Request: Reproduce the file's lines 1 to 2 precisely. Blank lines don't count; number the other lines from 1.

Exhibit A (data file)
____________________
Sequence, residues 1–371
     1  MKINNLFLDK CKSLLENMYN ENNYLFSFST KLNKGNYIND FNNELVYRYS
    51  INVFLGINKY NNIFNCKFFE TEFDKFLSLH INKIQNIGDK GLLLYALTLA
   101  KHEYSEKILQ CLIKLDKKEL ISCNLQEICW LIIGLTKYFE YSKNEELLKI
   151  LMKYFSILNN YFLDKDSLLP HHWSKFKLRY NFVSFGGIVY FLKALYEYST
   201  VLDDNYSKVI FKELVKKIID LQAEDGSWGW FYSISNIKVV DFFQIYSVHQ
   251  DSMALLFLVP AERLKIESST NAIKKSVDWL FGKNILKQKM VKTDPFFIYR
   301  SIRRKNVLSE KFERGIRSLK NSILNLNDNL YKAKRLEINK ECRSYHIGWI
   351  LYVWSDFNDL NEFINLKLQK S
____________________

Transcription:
Sequence, residues 1–371
     1  MKINNLFLDK CKSLLENMYN ENNYLFSFST KLNKGNYIND FNNELVYRYS